Julia often enclosed a flurry of neatly clipped diaper coupons in the envelopes. Seven weeks after Holly’s birth, however, the batch of coupons contained a little something extra: a $1 coupon for L’eggs Sheer Energy Pantyhose.

“Gotta get me some o’ those!” I howled, laughing so hard tears streamed down my face, which was chronically puffy from sleep deprivation. By then the mother of two, I could no longer “sleep while the baby slept.” It wasn’t because the coupon wasn’t likely to see the light of day that I laughed, though I’d long before sworn off those nylon deathtraps unless someone was getting married or buried. No, I was simply struck by the sheer absurdity that one could derive energy from a pair of stockings. If I’d really thought they’d put a little spring in my step, I’d have stumbled out and bought a pair.

Spotting a handwritten letter from Julia in the mailbox always felt a little bit like Christmas. Sadly, her letters eventually stopped coming.


Julia died last spring, of ALS (Amyotrophic Lateral Sclerosis). More commonly referred to as Lou Gehrig’s disease, it’s a fatal neurological condition that, among other things, robbed her of the ability to move, swallow, and, of all things, speak. But it didn’t robJulia of her priorities. In the months before her death, she managed to enjoy the nightly ritual of letting one small piece of chocolate melt in her mouth. Learning about this simple pleasure, made possible by her loving daughter Julie McCarthy (who cared for Julia in Julia’s home until the time of her death), made me smile through my tears. How cool is that? I admired Julia’s pluck, right to the end.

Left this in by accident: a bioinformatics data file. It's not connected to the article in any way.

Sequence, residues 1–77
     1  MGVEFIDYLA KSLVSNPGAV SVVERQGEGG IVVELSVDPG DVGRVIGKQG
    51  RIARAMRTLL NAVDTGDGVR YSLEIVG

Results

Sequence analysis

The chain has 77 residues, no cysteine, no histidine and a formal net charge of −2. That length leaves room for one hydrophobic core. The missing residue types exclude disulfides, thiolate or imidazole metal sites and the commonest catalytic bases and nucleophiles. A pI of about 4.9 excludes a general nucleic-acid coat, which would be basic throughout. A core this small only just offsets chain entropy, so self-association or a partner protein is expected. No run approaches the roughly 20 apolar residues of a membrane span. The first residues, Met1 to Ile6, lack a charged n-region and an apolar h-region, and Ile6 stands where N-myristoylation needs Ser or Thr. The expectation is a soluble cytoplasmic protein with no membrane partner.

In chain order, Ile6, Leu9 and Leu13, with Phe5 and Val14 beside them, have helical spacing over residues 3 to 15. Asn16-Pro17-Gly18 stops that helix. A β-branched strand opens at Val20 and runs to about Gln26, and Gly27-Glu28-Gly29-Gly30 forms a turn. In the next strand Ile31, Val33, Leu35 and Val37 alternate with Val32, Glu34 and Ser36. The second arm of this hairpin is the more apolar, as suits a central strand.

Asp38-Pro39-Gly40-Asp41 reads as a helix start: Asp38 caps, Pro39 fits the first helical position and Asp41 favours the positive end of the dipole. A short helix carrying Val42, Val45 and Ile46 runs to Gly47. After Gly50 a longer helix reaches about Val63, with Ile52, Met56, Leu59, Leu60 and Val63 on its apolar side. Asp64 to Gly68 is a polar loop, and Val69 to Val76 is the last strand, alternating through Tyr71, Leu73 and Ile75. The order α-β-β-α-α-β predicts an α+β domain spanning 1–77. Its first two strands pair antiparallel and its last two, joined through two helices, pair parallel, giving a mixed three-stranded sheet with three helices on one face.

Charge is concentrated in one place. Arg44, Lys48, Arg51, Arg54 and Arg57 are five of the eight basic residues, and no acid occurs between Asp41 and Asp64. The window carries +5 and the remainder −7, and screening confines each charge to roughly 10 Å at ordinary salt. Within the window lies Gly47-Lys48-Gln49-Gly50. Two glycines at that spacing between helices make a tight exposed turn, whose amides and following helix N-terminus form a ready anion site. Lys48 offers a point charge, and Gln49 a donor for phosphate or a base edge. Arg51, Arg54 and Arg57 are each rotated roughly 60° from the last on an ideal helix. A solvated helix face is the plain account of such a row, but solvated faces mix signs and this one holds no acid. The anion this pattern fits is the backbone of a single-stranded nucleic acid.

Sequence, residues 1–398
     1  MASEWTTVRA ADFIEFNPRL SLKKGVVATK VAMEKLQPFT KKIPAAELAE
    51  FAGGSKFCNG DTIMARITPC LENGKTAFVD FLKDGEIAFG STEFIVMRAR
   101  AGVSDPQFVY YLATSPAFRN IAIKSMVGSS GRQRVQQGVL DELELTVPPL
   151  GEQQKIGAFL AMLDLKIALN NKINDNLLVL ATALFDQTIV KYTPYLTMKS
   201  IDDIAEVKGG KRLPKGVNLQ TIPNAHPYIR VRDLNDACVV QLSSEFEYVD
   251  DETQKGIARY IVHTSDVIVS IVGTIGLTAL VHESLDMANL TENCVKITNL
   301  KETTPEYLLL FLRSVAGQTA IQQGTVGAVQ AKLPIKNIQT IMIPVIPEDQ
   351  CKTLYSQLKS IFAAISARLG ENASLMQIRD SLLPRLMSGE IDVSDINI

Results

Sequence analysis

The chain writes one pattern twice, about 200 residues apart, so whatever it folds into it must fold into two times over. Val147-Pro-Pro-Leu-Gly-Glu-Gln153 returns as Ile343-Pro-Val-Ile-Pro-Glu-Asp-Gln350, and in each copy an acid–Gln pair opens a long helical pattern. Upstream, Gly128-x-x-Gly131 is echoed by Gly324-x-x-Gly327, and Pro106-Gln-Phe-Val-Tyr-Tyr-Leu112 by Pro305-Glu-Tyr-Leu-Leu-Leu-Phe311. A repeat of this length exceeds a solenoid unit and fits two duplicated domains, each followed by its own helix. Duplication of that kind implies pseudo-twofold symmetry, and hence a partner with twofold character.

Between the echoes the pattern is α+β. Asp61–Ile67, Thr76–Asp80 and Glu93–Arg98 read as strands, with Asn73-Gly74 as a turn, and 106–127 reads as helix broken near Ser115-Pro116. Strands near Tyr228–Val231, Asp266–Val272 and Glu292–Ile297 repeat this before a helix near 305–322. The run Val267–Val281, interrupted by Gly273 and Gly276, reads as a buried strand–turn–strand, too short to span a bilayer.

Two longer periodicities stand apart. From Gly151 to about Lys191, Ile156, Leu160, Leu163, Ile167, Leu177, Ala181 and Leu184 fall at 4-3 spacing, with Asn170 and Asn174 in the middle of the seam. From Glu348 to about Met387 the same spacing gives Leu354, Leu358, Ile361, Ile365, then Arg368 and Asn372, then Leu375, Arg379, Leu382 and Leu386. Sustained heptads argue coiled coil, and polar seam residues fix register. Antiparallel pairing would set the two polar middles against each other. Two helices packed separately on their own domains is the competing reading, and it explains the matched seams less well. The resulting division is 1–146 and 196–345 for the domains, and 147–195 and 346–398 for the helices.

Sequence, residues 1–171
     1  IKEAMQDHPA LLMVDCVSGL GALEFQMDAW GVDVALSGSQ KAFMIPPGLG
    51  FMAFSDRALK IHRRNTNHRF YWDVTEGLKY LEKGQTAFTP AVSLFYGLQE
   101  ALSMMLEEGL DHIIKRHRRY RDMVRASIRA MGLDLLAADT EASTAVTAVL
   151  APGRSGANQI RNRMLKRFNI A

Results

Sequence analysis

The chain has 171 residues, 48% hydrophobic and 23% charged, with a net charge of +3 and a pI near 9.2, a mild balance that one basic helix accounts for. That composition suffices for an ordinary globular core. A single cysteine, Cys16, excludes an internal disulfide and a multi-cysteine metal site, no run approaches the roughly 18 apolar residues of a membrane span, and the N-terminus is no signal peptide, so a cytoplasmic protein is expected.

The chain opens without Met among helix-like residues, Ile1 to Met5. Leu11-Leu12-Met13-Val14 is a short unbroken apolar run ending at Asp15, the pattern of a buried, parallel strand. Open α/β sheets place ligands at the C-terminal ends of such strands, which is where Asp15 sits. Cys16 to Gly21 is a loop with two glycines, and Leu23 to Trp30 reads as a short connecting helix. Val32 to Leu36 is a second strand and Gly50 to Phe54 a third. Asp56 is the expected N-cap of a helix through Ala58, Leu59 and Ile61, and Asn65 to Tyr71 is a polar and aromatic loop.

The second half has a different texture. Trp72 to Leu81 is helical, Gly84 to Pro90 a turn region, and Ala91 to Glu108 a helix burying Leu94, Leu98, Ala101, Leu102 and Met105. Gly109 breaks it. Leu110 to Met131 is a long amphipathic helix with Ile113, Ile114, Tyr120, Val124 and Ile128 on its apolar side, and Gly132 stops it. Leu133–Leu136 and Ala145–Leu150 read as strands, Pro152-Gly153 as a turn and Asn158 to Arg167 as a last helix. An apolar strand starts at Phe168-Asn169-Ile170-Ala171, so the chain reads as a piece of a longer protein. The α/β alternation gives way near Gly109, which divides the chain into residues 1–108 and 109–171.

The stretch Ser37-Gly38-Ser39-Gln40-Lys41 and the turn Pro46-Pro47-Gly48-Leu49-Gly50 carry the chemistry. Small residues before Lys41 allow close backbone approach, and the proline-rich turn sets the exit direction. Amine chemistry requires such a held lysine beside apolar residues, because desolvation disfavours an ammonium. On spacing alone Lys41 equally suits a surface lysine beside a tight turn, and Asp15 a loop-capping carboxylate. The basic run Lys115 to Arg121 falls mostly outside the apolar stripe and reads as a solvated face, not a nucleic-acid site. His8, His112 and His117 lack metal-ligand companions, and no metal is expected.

Though I couldn’t make it back to Pittsburgh for Julia’s funeral, I made sure to remind her daughter to hang the flag. “Oh!” Julie exclaimed, “That was her job …” Indeed, no one can replace her. She was one-of-a-kind, a real class act.

I’m sorry that Julia is no longer in the world as I know it, but I am not lugubrious. She is beyond suffering, and I am a better woman and mother for having known her. In her memory, I’m passing the gift of her peace, perspective and amazing grace along to other moms and dads. Life is a team sport, folks. Go team!

As for the pantyhose coupon, I never did use it. I think Julia would approve.